The socio-economic context refers to the characteristics of the place where landscape management and valorisation takes place in terms of general economic performance (especially outside agriculture) or population and urban density. Especially urban-rural-relationships, the proximity to potential urban consumers, their purchasing power and their demand for landscape goods and services represent important drivers for the valorisation of landscape. These encompass regional food supply as well as recreational, touristic and social services. Regarding the food production and marketing, the exploitation of the proximity to the urban-based consumers and their demand for regional, high-value and quality food represents a serious marketing possibility for peri-urban farmers, particularly for specialised horticultural vegetable and fruit growers.
The production of recreational values has especially gained importance with the rise of the post-Fordist society. With growing standards of living and extended leisure time, urban dweller now have more time and resources for outdoor recreation in the near countryside. Due to the proximity of urban centres as nuclei of societal and lifestyle transitions, this process provides an opportunity to valorize landscape and restructure farming beyond the industrial model that is based on pure commodity production. Examples are the diversification into non-agriculture activities, such as the provision of on-farm accommodation, hospitality and recreational services.
Empirical case study evidence
Proximity to urban area
Due to their population, cities and metropolitan regions represent important demand centres for rural goods and services. Urban population own property, purchase as regional (food) products or participate in day-trip tourism and other recreational outdoor activities. Due to the neighbourhood to Berlin, the valorisation of the natural capital (provided by agricultural landscape management or not) in the German case study region is to a large extent depending on urban visitors, which has been confirmed through empirical evidence. The ad-hoc study showed that 75% of the landscape visitor travelled from the nearby Berlin contributing to the local hospitality, gastronomy and other tourist service businesses. Also a macro-scale analysis across Austrian municipalities revealed significant relationships between closeness to (semi-)urban and economic efficiency of rural areas.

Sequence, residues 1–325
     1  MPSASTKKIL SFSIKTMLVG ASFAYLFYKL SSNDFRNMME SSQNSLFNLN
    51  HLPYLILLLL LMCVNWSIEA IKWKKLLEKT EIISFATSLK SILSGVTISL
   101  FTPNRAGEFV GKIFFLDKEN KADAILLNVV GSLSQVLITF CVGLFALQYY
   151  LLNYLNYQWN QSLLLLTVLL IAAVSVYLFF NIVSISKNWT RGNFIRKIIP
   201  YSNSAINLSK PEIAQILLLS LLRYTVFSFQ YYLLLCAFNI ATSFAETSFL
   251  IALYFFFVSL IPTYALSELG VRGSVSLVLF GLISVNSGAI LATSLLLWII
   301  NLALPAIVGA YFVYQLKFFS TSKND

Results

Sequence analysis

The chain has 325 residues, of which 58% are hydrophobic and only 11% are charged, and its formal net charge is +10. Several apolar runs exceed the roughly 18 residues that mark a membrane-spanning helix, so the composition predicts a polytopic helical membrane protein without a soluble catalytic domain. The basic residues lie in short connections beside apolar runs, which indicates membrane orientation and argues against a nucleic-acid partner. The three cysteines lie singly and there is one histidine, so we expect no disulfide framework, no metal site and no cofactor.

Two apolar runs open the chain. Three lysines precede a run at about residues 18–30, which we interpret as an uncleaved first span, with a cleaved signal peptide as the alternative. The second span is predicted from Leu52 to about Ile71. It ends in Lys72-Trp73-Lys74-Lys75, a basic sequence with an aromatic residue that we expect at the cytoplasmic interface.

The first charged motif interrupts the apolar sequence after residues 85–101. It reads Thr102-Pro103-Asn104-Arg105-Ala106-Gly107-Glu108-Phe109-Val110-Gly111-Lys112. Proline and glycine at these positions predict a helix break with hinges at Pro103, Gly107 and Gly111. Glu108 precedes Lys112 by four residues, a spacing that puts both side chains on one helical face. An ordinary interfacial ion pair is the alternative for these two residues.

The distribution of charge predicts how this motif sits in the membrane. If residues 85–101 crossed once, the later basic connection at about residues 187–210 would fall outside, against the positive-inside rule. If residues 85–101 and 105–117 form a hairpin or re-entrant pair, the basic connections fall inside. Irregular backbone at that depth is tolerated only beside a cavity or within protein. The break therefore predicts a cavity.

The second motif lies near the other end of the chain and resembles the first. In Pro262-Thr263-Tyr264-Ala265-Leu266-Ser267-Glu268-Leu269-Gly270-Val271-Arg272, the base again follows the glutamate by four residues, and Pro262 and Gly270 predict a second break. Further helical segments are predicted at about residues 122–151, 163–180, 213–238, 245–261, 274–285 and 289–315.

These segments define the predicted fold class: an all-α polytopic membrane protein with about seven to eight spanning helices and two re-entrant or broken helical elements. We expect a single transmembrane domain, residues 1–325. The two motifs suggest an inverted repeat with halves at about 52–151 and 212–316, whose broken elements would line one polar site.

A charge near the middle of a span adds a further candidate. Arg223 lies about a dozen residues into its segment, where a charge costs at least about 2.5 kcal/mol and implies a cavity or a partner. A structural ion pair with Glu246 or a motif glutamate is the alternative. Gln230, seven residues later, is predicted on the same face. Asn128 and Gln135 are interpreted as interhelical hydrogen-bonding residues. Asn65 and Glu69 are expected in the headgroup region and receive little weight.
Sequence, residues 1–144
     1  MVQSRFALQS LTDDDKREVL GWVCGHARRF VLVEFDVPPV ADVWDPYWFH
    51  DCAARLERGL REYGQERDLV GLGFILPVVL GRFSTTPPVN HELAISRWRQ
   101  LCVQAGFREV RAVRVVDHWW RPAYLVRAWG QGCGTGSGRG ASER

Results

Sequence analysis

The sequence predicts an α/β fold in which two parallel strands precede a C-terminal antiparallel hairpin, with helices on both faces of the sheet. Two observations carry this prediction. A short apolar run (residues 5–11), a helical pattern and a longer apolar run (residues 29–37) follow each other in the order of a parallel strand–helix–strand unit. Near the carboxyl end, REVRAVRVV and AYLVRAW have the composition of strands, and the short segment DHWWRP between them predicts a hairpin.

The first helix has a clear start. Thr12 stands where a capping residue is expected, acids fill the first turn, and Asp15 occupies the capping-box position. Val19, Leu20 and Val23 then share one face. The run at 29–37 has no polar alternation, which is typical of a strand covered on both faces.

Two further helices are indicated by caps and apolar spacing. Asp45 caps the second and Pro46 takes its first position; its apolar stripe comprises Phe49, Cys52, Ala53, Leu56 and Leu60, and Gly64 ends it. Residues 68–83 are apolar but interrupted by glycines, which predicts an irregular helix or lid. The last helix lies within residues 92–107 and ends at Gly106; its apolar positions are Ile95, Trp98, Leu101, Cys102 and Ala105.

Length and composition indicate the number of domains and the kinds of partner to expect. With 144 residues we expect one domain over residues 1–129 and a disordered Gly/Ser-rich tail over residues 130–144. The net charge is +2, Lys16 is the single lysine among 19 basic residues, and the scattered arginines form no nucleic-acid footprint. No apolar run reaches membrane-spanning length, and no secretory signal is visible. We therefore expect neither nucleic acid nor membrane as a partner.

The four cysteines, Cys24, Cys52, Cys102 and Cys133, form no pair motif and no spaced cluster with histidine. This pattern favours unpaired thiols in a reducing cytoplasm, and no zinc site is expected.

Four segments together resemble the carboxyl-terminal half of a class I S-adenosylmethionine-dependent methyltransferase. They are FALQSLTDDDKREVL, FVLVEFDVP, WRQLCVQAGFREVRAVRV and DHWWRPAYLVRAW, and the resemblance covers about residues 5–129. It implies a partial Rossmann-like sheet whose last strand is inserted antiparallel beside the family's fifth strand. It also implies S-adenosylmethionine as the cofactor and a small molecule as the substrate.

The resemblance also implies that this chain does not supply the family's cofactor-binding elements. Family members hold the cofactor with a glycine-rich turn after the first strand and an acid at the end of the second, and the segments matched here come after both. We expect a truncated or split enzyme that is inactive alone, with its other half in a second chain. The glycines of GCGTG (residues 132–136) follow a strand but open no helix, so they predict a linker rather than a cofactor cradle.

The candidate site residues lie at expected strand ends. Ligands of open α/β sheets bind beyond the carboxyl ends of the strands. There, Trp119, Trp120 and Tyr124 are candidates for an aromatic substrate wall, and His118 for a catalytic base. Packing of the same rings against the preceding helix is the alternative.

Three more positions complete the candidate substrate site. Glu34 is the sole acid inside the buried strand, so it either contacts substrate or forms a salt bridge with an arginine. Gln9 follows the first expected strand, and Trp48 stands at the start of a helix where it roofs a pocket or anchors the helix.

Empirical evidence has shown a frequent unbalanced demand-supply situation. Investments, e.g. in agritourism, have only little potential with corresponding demand (accordance with residents perception or additional tourists) as farmers are often production-oriented, whereas the demand is mainly linked to natural assets (wetlands), cultural heritage (UNESCO site), and seaside tourism (IT).
In addition, the availability of the potential customers in the specific area of the landscape management was found important for the possible contribution to rural competitiveness. So have for instance two Mediterranean case studies (Lowland Ferrara, IT and Corsica, FR) claimed a strong spatial mismatch of demand and supply of natural amenities through landscape management. Whereas most tourists are concentrated at seaside locations, they miss out the agricultural hinterlands, where the landscape measures are applied. Another type of mismatch has been found in the Turkish case study of Isparta, which despite their potential for tourism within the agricultural landscape, the demand is limited to specific time due to seasonality of attraction (rose farming).
Along with the natural conditions, socio-economic framework conditions (population density, proximity to urban and metropolitan areas) represent important preconditions for the valorisation of the natural capital from managed landscapes. Especially cities represent important consumer demand centres for rural goods and services related to agricultural landscape management.
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